Last year, Firestone recalled 6.5 million tires, which consisted of all 15-inch ATX II, and the 15-inch Wilderness AT tires made in its Decatur, Ill., plant. Most of the tires were sold as original equipment on Ford Explorers and were made according to Ford specifications. The recall excluded millions of identical tires made in Firestone’s Wilson, N.C., and Joliette, Canada, plants. But the recall should have included all 15-inch and 16-inch Wilderness AT tires made for the Ford Explorer, the report concludes. Further, Ford and Firestone compounded the problem by doing nothing more than replacing old defective tires with new defective tires.
The report concludes that the tires are failing because of a design problem, and that the non-recalled Wilderness AT tires are of the same design as the recalled tires and suffer from precisely the same defects. Further, the report finds Ford responsible for many of the decisions that led to the tragedy. Ford developed specifications for the tires, recommended a low inflation pressure as a cheap fix for the Explorer’s instability, then initiated action that resulted in a weight reduction in the tire in an effort to improve the Explorer’s fuel economy.
“Ford and Firestone continue to tell the American public that the Wilderness AT tires are safe despite overwhelming evidence to the contrary, including the results of their own investigations,”said Tab Turner, Safetyforum.com’s “attorney of record”on tire and vehicle stability issues.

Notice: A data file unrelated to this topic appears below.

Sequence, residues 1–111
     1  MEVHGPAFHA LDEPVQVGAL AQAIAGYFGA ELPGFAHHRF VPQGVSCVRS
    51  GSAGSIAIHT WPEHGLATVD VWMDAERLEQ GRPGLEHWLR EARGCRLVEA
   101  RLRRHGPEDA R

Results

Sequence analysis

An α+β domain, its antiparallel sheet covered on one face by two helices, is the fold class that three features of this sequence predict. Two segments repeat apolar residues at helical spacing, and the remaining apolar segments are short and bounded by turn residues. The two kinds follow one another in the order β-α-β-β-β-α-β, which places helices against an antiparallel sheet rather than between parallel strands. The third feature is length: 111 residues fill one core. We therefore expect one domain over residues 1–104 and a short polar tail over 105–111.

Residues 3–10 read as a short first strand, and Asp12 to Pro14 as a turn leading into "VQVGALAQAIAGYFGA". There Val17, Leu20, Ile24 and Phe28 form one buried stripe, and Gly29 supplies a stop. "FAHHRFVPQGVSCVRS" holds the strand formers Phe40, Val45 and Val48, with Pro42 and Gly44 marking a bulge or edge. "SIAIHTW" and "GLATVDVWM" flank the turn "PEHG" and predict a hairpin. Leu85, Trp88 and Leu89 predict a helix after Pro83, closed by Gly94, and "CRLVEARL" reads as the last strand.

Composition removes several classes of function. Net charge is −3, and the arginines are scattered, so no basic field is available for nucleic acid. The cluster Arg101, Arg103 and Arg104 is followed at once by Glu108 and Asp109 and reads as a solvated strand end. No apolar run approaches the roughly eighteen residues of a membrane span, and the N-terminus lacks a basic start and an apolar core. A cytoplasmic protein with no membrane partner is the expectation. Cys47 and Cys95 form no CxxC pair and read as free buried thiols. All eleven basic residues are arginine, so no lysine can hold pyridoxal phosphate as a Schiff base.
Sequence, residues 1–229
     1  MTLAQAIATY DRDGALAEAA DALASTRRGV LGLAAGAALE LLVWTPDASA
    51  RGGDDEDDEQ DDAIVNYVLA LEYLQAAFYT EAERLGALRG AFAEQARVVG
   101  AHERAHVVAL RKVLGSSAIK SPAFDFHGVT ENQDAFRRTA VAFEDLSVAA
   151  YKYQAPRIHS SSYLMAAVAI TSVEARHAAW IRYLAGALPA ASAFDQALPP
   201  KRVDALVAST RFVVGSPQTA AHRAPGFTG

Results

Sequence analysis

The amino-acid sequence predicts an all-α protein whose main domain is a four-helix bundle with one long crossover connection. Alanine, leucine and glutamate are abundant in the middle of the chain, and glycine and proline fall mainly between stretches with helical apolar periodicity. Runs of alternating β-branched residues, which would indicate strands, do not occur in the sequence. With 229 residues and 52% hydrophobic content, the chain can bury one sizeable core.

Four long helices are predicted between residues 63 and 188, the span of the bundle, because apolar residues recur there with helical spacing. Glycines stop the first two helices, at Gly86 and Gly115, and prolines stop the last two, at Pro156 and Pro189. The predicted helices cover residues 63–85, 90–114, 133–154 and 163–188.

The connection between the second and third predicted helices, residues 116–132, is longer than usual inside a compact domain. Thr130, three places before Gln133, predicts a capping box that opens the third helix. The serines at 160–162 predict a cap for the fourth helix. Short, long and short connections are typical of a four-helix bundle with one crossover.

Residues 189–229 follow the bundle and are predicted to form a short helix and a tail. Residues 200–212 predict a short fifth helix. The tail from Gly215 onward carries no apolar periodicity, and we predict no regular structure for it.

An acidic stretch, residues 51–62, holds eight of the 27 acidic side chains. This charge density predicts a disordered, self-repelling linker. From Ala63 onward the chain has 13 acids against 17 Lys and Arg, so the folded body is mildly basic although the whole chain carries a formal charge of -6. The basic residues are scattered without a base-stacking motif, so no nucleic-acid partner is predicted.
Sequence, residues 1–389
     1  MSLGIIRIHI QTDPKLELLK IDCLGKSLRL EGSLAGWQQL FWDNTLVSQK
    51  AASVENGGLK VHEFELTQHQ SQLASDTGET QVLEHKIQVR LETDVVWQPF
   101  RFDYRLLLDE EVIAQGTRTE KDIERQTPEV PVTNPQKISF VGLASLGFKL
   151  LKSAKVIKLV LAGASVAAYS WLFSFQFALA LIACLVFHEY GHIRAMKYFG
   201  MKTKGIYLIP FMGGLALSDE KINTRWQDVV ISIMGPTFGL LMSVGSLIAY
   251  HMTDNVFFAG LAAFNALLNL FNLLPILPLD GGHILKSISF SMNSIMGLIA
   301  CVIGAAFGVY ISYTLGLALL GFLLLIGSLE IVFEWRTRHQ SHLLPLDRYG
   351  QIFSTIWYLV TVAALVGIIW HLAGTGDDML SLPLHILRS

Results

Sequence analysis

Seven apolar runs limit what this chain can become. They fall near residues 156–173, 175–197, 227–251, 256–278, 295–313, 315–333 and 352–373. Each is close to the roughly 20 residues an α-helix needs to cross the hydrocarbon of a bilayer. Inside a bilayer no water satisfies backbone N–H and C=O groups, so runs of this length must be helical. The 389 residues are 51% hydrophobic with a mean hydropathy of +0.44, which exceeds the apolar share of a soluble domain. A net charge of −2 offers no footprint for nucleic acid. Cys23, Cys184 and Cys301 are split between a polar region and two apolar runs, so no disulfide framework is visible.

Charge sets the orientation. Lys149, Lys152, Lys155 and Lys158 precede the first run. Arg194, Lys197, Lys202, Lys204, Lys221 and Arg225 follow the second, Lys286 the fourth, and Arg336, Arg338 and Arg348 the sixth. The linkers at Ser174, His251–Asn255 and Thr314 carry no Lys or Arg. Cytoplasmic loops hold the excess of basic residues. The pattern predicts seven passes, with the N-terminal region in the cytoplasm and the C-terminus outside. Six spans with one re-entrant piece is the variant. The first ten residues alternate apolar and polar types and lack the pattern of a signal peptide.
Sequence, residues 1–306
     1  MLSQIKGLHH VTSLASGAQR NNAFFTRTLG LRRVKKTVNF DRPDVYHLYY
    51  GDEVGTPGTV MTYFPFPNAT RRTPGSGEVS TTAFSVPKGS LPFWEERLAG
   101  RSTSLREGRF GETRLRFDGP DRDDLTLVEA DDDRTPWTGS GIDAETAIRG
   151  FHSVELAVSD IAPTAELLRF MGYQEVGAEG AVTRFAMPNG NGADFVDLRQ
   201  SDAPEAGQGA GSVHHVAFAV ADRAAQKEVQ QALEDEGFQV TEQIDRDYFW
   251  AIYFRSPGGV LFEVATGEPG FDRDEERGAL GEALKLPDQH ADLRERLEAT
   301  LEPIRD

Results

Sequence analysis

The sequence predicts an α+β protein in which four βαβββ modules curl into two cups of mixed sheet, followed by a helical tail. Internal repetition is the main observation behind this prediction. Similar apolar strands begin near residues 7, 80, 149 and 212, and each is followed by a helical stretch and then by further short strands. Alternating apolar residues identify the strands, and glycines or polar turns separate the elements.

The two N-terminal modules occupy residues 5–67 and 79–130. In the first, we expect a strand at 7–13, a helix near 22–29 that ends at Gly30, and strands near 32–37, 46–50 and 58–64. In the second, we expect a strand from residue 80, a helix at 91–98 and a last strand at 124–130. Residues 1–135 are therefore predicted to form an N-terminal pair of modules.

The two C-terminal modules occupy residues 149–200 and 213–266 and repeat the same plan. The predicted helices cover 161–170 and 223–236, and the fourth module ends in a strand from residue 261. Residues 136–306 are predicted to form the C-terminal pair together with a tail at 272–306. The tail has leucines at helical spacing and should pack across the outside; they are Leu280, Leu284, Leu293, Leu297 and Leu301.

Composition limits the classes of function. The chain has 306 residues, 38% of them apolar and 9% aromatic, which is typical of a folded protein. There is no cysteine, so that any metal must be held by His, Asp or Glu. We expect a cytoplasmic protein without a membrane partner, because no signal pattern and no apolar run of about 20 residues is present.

The groups also are calling for:
- Ford to launch an owner notification program and a public information campaign to inform Explorer owners of the dangerous propensity for the vehicles to roll over, the difficulty in controlling an Explorer when a tire tread separates, the risks posed by the Explorer’s weak roof (which frequently crushes in rollover crashes) and the failure of the Explorer’s safety restraint system to provide protection in a rollover crash;
- The National Highway Traffic Safety Administration (NHTSA) to update its 30-year-old tire safety standard as required by the TREAD Act and 30-year-old roof crush standard, and to issue a rollover standard (more than a consumer information program) based on real world tests. The agency also should require improved window glazing or other protection to ensure that people aren’t ejected during rollovers, and should promptly issue the rule requiring auto manufacturers to provide “early warning” information about potential defects to NHTSA; and
- Auto manufacturers to make sport utility vehicles (SUVs) safer and more socially responsible. If the manufacturers desire to continue to market these vehicles as safe and stable station wagon replacements, they should reduce their size to improve fuel efficiency, make them lower and wider to prevent rollovers and make design changes to reduce the likelihood that the high-framed SUVs will override lower-framed small cars in crashes.
Report: The Real Root Cause of the Ford-Firestone Tragedy
(note: this is a large PDF file and will require a high-speed internet connection to download.? A text-only version will be available soon)